Nancy et moi were to meet George and Marilyn as our quests for dinner just about the time the loaves had surrendered enough heat to be sliced; it was time to leave. One loaf was intended for George and Marilyn but there was considerable concern about the interior of the bread as a never-before-tried method was used (no machine and easier than expected). The gift was given.

Upon returning home a test slice had to be made. It is noted that these loaves had not one grain of white flour in them or on the kneading board -- whole wheat all the way!

Later, chez nous, une premiere tranche of the saved creation revealed a soft and even bread. Back from celebrating Turkey Day with rellies, our friends reported with praise and gratitude; George wanted to know how much I charge!

mere garden

Love your blog! It is in my faves!


By the way, ladies (and guys wandering through the kitchen!)-- en France, evaporated milk is "lait concentre, non sucre".

Sweetened condensed milk (or Eagle milk, if you are my grandmother) is "lait concentre sucre"

Brown sugar is cassonade (a dry brown sugar, so adjust for moisture in your recipe) or Vergoise, blonde or brune (this is the brown sugar you're familiar with - the soft, slightly sticky, molasses-flavored stuff, in light or dark.)

Baking powder is levain chemique, and dry yeast is levain boulanger. Baking soda is bicarbonate de soud, and could be found in the baking aisle. It might also show up next to the salt...or it might be at the pharmacie (go figure).

Hope this helps someone trying to adapt recipes from tragedy for me, just bumps in the road.


I guessed that the difference between the two words for pumpkin might have to do with cooking pumpkin vs. ornamental pumpkin. Sunny's post seems to back that up, though apparently it's not a 100% distinction. Bravo to you for thinking to make pumpkin seeds. My husband did that one year when I was overly ambitious and had a real pumpkin. (I usually go with Libby's for pumpkin dishes.) Thanks also to Sunny for the lesson on what to look for on French market shelves. Almost as much fun as figuring out English recipes! (demera sugar, caster sugar, etc.)

Sorry you had that shock with your grandmother's phone being disconnected, but it all turned out well enough. Phew.

Jon North

Apropos of turkey. Too late for thanksgiving this year, and I missed the opportunity with an American friend locally too, but here in Lunel and presumably anywhere you find Halal butchers you seem always to be able to get turkey - chaply too, and delicious. We often get spiced brochettes, but you can get really large breasts whole to roast, and legs. I shall remember to remind American friends next year in October!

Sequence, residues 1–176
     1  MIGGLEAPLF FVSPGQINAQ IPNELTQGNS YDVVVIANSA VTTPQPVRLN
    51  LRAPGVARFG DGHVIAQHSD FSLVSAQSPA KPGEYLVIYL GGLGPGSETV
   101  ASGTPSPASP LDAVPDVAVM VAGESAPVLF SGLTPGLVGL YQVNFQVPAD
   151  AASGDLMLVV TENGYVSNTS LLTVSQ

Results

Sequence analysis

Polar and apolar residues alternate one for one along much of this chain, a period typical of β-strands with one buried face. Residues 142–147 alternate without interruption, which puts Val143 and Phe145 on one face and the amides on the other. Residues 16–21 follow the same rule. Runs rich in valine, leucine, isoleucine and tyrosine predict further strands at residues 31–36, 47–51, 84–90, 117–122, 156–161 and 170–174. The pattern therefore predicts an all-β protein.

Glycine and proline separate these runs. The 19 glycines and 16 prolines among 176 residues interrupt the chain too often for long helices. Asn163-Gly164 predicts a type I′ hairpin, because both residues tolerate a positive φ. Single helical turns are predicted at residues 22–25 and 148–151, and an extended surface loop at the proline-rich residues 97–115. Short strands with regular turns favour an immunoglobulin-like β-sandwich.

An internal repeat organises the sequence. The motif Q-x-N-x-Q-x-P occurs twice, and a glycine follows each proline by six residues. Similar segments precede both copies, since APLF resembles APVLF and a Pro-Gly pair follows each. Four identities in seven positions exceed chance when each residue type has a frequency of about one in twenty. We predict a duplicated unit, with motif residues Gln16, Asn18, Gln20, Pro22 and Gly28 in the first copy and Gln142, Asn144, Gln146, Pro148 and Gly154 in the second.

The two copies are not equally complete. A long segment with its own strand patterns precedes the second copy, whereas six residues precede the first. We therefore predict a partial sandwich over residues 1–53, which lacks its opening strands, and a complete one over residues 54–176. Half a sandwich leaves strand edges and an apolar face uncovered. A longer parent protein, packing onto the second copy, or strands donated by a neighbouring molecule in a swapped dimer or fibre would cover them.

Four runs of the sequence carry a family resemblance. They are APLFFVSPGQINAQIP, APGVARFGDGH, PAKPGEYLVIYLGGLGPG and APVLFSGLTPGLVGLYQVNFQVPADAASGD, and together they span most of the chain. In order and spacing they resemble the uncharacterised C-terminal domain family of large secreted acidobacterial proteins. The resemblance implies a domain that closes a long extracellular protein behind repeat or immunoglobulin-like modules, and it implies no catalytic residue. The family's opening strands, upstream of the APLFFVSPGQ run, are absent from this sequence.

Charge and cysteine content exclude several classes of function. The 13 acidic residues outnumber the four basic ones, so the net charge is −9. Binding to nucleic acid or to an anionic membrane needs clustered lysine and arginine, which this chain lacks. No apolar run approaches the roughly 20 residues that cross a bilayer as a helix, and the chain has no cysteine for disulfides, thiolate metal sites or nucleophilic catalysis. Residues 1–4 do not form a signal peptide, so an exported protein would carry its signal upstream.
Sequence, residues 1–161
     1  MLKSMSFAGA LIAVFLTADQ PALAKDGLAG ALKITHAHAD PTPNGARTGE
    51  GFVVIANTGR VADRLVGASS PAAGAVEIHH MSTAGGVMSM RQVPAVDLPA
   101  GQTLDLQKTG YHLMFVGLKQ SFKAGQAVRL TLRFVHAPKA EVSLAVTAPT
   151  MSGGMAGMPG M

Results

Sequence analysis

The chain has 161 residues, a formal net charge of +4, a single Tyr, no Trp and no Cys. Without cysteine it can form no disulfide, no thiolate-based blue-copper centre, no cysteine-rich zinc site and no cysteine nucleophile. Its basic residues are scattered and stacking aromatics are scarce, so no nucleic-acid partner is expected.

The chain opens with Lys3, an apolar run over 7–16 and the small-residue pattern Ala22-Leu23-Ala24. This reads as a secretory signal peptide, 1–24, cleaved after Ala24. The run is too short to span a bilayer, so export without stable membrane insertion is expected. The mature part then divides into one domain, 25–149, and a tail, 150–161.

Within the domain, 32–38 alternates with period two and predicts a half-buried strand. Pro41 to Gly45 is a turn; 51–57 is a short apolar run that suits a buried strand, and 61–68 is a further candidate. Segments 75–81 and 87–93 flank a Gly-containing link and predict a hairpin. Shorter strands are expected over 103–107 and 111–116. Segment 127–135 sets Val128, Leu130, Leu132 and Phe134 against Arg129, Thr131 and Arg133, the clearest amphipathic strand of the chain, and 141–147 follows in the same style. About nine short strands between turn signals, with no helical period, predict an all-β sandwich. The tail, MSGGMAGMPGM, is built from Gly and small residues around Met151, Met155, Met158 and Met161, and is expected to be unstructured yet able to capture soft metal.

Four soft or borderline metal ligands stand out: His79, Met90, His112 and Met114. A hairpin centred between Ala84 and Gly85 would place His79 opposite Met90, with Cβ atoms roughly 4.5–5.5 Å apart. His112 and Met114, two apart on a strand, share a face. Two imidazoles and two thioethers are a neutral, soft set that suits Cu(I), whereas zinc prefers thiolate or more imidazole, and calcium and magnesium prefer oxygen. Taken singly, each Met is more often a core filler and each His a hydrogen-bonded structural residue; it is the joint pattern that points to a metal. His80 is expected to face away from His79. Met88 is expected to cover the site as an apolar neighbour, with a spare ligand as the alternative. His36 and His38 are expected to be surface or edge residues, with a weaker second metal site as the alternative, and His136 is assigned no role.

I once saw "potiron lumineux" somewhere as the translation for "jack-o-lantern." Is anyone familiar with that expression?

Ann at Cooking the Books

Congrats on your pie, Kristin! I made one a few weeks ago for some French dinner guests -- they loved it but were HORRIFIED to learn I used pumpkin from... a can! Shocking!

Sunny, thanks for all those cooking translations -- extremely helpful! I wish someone would publish a dictionary of food terms (a real dictionary, alphabetized -- not arranged by category as is the Marlin menu master).


Adding a follow-up regarding baking

---> LA LEVURE = yeast
-> de la levure fraîche = fresh yeast
-> la levure de boulanger = baker's yeast
-> de la levure (de boulanger) déshydratée = active dried yeast (in granules)
---> LA LEVURE CHIMIQUE = baking powder
In France, you can buy “sachets de levure chimique” - They come in bundles of about seven paper packets – each one contains about 2 good teaspoons of baking powder. ALSA (Levure chimique Alsacienne) is a very well known brand.
---> LE LEVAIN = sourdough (US) / leaven, leavening agent (UK)
Wikipedia will tell you something on each od these words.
---> LE BICARBONATE DE SOUDE / bicarbonate de sodium = Sodium bicarbonate
Many forms of baking powder contain sodium bicarbonate combined with cream of tartar.
I once came across a website giving what you are looking dor. I'll try to find it again.
-> If light comes through an object, it's right to say the object is “lumineux”. In this way, a Jack-o'-lantern can be considered as une “citrouille lumineuse”.
-> Jack-o'-lantern in French = une “citrouille lanterne”.
-> For those who make no difference between the French words potiron & citrouille, I suppose they might call a Jack-o-lantern --> un “potiron lanterne”, (I assume the same people would also say that it is “un potiron lumineux”)
Thank you so much for the very cheerful persimmons! What a wonderful contrast of colour with the building. As far as shapes and lines are concerned, the rows of round tiles are most fascinating!